When Watkins Mill High School in Gaithersburg, Maryland, decided to add the International Baccalaureate’s new Career-related Programme (CP) to its offerings in 2012, it already had five career academies in place. They offered courses in engineering (affiliated with Project Lead the Way), finance (affiliated with NAF), early child development (affiliated with the Maryland Department of Education and Montgomery College), hospitality management (completion and graduation certified by the National Restaurant Association) and medical careers (after successfully completing the first year of the program, students are eligible for certification as a nursing assistant by the Maryland Board of Nursing). Since then, students and academies have benefited in many ways, says CP coordinator Lisa Ingram.
The Career-related Programme has enriched everything about the CP students’ experience and learning, Ingram says. “The CP prepares students to be amazing learners for whatever future they anticipate. They’ve had strategic lessons. That’s huge when they transition to the real world.” Meanwhile, the academies have grown and retained students, and Watkins Mill even added a computer science pathway. The medical academy actually doubled in size.
The CP is an excellent choice for students who have already decided on their area of career specialization, seek academic challenge and want hands-on learning and experience in their chosen field. The program provides students with an impressive portfolio of accomplishments for college study and employment. It allows students to create an individualized path that leads to higher education or to employment after graduation.
Here’s how the CP works: It combines courses from the International Baccalaureate’s highly regarded Diploma Programme with an approved career-related study and a unique CP core. The core consists of four components— a personal and professional skills course, service learning, language development and a reflective project–blended together to enhance both critical and ethical thinking and intercultural understanding. Combined, these elements help students develop the communication and personal skills necessary for success in a rapidly changing world.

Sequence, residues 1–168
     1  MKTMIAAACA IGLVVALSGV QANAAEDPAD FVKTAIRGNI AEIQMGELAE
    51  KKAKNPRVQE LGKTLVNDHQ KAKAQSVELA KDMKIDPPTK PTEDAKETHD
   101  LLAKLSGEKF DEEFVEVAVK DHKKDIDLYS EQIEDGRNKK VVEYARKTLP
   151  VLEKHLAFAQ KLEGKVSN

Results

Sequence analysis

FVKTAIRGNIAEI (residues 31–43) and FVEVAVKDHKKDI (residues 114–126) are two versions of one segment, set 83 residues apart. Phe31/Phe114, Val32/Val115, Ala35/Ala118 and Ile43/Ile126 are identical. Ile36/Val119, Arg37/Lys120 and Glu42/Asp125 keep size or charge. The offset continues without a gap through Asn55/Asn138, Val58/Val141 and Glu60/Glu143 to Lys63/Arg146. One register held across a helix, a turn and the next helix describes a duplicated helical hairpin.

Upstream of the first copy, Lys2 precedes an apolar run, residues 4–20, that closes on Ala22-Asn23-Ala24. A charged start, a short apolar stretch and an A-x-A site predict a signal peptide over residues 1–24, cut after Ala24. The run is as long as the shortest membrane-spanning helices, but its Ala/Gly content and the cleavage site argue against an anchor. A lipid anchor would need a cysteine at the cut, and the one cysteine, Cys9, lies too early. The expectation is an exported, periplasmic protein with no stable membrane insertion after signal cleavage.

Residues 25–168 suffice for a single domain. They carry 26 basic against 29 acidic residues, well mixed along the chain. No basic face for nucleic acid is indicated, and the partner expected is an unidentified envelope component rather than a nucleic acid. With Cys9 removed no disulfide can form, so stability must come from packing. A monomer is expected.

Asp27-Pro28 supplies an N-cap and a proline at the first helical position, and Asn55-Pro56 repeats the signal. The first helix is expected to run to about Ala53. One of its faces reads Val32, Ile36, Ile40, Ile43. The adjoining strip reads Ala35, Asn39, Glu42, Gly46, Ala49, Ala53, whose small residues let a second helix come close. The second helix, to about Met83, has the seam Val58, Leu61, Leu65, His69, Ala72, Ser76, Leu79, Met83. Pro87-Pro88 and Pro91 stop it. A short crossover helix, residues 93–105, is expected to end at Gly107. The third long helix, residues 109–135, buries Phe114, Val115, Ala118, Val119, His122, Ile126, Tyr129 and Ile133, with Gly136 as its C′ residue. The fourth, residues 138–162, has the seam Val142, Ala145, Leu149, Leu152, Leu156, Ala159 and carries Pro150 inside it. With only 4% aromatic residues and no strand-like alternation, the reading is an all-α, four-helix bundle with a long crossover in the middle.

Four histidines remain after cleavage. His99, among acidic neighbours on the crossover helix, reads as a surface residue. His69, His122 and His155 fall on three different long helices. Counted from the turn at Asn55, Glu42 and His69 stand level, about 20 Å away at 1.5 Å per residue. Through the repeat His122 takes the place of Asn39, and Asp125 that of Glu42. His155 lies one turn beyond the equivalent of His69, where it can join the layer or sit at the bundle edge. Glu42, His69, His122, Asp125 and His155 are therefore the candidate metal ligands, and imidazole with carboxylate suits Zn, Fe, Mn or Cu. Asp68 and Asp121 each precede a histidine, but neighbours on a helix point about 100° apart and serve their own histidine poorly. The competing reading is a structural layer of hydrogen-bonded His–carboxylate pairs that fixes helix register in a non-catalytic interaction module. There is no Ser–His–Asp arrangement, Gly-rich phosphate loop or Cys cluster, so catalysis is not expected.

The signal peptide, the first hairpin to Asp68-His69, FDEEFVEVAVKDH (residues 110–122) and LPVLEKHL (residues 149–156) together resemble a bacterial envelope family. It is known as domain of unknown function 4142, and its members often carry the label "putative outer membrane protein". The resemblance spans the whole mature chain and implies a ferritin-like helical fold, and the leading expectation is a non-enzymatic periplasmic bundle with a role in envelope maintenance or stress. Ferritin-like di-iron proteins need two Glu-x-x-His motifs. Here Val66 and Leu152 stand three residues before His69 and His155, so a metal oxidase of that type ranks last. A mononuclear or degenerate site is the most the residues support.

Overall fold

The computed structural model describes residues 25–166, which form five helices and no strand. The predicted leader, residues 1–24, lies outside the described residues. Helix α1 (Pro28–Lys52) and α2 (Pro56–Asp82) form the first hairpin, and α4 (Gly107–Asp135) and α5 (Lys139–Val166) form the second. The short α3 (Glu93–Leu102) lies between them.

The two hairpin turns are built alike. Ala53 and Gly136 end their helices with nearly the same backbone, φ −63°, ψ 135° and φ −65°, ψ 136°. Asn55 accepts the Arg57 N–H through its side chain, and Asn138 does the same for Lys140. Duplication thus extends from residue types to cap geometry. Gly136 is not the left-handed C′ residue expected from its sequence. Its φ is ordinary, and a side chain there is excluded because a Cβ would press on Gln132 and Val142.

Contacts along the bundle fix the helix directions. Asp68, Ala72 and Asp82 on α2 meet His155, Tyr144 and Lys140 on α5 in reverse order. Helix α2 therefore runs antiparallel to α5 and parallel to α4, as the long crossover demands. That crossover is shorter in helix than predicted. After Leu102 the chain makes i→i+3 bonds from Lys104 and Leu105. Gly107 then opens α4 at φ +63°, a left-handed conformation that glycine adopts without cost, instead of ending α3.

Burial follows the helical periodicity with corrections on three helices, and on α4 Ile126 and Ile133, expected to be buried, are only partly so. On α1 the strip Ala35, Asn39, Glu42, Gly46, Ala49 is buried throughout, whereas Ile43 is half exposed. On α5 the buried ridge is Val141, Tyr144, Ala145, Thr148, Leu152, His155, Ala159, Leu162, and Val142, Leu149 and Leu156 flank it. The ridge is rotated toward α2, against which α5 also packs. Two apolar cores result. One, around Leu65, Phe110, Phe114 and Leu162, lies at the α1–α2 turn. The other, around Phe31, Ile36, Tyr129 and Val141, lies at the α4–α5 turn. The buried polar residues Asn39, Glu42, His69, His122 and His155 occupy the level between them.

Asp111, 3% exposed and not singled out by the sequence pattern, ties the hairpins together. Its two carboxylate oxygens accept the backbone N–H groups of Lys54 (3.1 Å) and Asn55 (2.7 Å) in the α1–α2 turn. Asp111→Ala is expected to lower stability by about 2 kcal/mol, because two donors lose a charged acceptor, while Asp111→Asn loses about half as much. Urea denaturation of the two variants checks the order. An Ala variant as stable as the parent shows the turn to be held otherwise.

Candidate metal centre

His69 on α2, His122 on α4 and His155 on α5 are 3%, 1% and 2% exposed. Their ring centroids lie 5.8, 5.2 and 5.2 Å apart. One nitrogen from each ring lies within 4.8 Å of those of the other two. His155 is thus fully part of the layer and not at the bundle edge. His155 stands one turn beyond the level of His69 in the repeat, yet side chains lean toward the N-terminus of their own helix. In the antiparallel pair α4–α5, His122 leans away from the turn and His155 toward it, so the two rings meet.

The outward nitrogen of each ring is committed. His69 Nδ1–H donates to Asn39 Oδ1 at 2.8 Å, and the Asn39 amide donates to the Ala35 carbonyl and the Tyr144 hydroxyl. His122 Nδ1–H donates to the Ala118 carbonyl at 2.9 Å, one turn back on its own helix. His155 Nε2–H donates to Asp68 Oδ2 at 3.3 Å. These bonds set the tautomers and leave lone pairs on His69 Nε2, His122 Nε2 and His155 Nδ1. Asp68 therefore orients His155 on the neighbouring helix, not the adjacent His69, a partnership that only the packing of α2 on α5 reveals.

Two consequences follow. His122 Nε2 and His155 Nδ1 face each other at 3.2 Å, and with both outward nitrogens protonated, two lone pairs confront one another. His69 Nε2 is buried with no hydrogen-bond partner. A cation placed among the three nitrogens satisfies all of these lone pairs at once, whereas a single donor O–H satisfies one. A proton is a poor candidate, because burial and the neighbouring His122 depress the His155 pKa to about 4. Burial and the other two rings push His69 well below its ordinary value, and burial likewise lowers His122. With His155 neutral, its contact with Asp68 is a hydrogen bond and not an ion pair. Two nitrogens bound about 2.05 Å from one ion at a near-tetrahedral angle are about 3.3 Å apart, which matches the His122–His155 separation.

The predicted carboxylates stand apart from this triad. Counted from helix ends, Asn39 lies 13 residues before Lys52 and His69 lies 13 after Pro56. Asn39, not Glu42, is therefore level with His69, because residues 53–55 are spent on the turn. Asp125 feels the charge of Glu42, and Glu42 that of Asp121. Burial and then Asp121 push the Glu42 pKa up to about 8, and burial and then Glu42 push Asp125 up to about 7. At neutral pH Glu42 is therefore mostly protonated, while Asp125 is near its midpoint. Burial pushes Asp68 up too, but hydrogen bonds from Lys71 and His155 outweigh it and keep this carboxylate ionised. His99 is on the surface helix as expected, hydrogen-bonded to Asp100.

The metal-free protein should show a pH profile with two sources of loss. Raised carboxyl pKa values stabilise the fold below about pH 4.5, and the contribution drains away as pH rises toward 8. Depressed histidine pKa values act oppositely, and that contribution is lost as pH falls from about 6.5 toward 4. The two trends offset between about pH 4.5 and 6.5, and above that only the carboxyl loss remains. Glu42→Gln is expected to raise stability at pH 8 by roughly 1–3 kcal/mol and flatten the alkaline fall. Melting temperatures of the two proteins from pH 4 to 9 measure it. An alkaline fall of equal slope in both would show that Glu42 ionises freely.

A key feature of the CP is that it offers flexibility to allow for local differences. Each school creates its own distinctive version of the program to meet the needs and backgrounds of its students. The school selects both the DP courses it offers as part of the CP and the career-related study best suited to local conditions and students’ interests. The career-related study must meet International Baccalaureate criteria.
At Watkins Mill, Ingram talks about one student who chose the Child Care Academy. “She was born to be a teacher,” Ingram says. “She thrives in the child care environment, and since we have an onsite child care center, she’s in the thick of it here.” She has been deeply involved in a CP service learning project that provides child care for Watkins Mill feeder middle schools during evening parent meetings and on Saturdays.
Ingram also remembers the day that educators from Colorado visited her school to learn about how the CP worked there. Watching students answer questions from these adults, she couldn’t help but think about how the kids “would have been blushing purple as sophomores. But they were completely poised this year talking about their research projects and the program. I think there’s a lot of risk taking and stretching your learning in IB classes. It kind of forces those kids out of their comfort zone.”
Not everyone can tour another school to learn about the CP. However, Ingram strongly recommends getting into details and seeing how it really works. “Presuppositions will sell it short,” she says. “The program gives all these worthy tools to the kids and really respects the way they learn.”
To hear what other educators say about the Career-related Programme, visit http://ibvideolibrary.org/category/programmes/cp
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